Jaguar Land Rover plans to slash 4,500 jobs worldwide, as the U.K.’s biggest automobile maker responds to the sales slowdown caused by Brexit, flagging demand for diesel-powered vehicles and a downturn in China.
The cuts, representing roughly 10 percent the company’s workforce, are part of a 2.5 billion-pound (US$3.2 billion) push announced last year to reduce costs and boost cash flow through 2020.
They come on top of the 1,500 people who left the company in 2018.
The restructuring was announced on the same day that Ford said it would cut thousands of jobs in Europe. Jaguar, a symbol of British carmaking, and Ford are both vulnerable to a U.K. market that tumbled the most in 2018 since the depths of the financial crisis.
That could get worse in a hard Brexit, while carmakers across the globe grapple with a downturn in China and pressure to invest in electrified and autonomous cars.
Brexit played an indirect role in the decision, Jaguar Land Rover CEO Ralf Speth said on a conference call, citing the U.K. automotive market’s 6.8-percent drop in 2018, the worst since the financial crisis. He said the company has limited capacity to stockpile parts to prevent disruptions in the case of a hard Brexit, given it turns out 3,000 vehicles a day.
“We build even more engines, so we need about 25 million parts per day and stockpiling that amount is difficult,” Speth said.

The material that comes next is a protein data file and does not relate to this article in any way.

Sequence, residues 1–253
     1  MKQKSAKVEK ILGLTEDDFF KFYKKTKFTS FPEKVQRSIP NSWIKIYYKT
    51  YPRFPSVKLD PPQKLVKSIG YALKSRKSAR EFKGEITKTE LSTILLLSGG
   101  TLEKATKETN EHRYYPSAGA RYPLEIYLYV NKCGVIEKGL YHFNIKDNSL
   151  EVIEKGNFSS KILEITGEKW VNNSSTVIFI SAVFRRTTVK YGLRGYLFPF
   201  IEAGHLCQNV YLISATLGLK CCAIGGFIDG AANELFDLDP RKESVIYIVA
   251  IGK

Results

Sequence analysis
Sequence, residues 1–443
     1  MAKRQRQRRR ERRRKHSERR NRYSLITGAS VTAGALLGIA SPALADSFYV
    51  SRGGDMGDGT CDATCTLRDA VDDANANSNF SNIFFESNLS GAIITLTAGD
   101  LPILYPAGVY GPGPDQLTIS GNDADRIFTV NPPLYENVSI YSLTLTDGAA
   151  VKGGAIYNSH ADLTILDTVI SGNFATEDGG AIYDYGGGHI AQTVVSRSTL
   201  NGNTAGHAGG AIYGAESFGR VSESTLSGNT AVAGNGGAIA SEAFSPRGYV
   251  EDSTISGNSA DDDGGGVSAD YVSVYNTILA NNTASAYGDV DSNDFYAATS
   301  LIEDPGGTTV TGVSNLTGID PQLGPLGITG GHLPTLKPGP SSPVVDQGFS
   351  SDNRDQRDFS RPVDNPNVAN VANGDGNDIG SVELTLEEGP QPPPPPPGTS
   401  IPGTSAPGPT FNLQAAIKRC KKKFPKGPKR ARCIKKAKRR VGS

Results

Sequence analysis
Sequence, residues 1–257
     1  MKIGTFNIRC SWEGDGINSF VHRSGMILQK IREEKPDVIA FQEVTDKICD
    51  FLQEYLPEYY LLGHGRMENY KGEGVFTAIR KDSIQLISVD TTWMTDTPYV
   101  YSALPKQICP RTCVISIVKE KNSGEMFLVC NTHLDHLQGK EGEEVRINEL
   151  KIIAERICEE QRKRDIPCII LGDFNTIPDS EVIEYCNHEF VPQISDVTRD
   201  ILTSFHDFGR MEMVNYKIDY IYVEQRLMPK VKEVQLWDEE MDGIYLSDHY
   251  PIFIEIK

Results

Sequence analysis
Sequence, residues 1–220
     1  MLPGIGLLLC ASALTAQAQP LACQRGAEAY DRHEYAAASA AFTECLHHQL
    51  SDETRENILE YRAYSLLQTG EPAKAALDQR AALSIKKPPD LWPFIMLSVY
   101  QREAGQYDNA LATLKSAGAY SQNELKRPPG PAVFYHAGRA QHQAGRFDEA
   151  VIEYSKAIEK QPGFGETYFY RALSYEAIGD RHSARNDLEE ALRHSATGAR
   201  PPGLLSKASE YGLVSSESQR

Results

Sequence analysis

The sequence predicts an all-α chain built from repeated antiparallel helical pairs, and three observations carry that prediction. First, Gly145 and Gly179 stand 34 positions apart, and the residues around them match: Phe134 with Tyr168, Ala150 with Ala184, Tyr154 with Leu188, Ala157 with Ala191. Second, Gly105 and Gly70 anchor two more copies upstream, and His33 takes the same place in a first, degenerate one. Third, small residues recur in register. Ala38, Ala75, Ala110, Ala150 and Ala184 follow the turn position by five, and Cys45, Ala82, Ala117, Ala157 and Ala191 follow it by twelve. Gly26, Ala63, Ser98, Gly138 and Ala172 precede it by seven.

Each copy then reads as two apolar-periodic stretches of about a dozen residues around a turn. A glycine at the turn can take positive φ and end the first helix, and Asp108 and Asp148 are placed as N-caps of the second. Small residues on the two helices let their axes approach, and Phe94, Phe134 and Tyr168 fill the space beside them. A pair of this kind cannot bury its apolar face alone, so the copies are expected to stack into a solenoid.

Jaguar Land Rover said earlier that its retail sales fell 4.6 percent in 2018, citing uncertainty surrounding Brexit; the trade-war-driven Chinese slump that lowered its sales in the country by 22 percent; and consumer misgivings around the diesel engines that power much of its Land Rover lineup.
Sales at the SUV-heavy unit, more than double the size of the sports-car business, declined by 6.9 percent last year.
The job cuts announced Thursday will affect mostly workers in the U.K., including contractors, senior management, supervisors, engineering, and design workers, according to people familiar with the matter who asked not to be named discussing details that weren’t announced. Production-line workers won’t be affected, they said.
Jaguar, owned by India’s Tata Motors, employed more than 43,000 people during the 2018 financial year. The company said it would start a voluntary buyout program and implement a flatter management system as it increases investment in areas such as electrification.
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